18 June 2022

The Gift of an Autobiography: Junior High Friendships and Sports

I will continue sharing my dad's autobiography with some of his writing about Junior High at Lacey Junior High School, in Hazel Park, Michigan. If you haven't figured it out yet, sports played a HUGE role in my father's life. His autobiography takes you back to 1938.

In 1938, I entered Lacey Junior High School, located on the main corners of Hazel Park at 9 Mile Road and JOHN R which was about the same distance as Hoover, only in the opposite direction. It was at Lacey that I was first introduced to basketball as a sport which I immediately became addicted to. I played on the 7th and 8th grade first teams. This was still in the days when the one hand shot was unheard of at this level. The games we played were low scoring usually ending with both teams score somewhere in the teens. I compare our team then with today’s junior high teams and I’m sure we would be blown off the court. I was never a scorer, but surprisingly good defensively and usually was assigned to guard the opposing team’s high scorer, a trend which continued for me on JV and Varsity later in high school.

     In the spring, we still played softball and I continued my participation in that sport. Nothing, I can recall about my academics at Lacey that stand out. I continued to get above average grades and did my studying in study halls, so I didn’t have to lug books home after school or practice. My mother had other ideas, however, and insisted I bring homework home with me, so I always lugged a book or two home, but didn’t get a lot of studying done because I had already studied for next day in study hall. I do remember a pretty classmate catching my eye, a girl named Shirley, and would talk to her occasionally when opportunity presented but was too involved in athletics to have time for girls.

     In the summer, I didn’t have any chores to do so I spent a lot of time with my buddy’s playing softball and developed an interest in tennis. A buddy and I frequently would have our mom’s pack a lunch and we would take off with our bikes and tennis rackets and head for Palmer Park which was at least a six-to-seven-mile ride.  When arriving we had to sign up to reserve a court for an hour at a time. After playing for an hour, we would bike over to a concession stand get a bottle of pop, find a park bench or table, and eat our lunch.  When finished eating, back to the courts for another hour of tennis and then the long ride home.  Another summer activity was golfing in a vacant lot, two lots to the north of our house.  My brother Hank was a caddie at Red Run golf course at the time and got me interested in the game.  I had a 7 iron and a couple of golf balls and would dig a couple holes about 20-25 yards apart and play hours at a time always trying to better my score.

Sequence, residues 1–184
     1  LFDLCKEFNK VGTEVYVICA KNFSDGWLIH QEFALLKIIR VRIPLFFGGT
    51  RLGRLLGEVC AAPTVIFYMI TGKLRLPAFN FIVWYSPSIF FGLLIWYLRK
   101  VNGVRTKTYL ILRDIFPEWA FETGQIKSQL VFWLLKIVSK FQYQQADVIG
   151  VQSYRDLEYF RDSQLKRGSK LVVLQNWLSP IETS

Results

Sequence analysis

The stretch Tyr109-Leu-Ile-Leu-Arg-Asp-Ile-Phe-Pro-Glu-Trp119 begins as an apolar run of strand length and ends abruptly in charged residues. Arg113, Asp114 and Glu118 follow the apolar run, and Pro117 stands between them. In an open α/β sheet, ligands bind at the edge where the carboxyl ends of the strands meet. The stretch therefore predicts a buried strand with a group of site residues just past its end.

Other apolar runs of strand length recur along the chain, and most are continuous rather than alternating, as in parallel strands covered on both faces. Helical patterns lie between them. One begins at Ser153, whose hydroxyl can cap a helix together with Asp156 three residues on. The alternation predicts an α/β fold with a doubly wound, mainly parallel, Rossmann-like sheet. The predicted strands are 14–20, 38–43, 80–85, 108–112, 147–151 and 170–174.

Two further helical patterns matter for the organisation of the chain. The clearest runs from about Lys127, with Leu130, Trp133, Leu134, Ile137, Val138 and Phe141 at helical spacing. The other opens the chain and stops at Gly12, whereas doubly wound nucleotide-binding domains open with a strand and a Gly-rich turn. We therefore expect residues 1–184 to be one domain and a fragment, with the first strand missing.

Bill Fisher and Bruce Glover

Bruce's friends are in the front row: Standing, Don McIlviride, Bruce, then the last two seated on the right, Bill McIlviride and Roy Wallace.

I met some boys who turned out to be particularly good friends throughout the rest of my high school days and even during and after the war and into college.  Three of the McIlvride boys were especially close to me, Don, Bill, and Gord.  Bill and Gord were brothers, whose dad was Robert.  Robert knew Charley Gehringer, the Tiger 2nd Baseman.  Don was the son of Harry and Birdie.  Harry was a brother of Robert.  During high school, Gord and I golfed together a lot in the summer.  Don and Bill were teammates of mine throughout high school. Bill Fisher was another good friend I first met at Lacey.  Although not an athlete Bill and I remained good friends throughout high school and both of us served in the same Infantry Battalion in World War II in Europe.  Another good buddy I met at Lacey was Roy Wallace a little guy, but an outstanding athlete. 

     In the summer between Junior High and High School I caddied for the first and only year at Red Run, a private course located in Royal Oak MI near 12 Mile Road and Woodward Ave.  In those days we made something like 75 cents for carrying a bag that seemed to weigh as much as I did and if lucky might be tipped a dime. I didn’t particularly enjoy caddying as a lot of the golfers, in my opinion, were jerks that treated us like dirt. The main reason I stuck it out was that on Mondays the caddies could play the course free of charge. We would get to the course at the crack of dawn and sometimes before and get in 36 holes before noon. I don’t remember too much about my scores, but it was usually under 100, which is good for a beginner.

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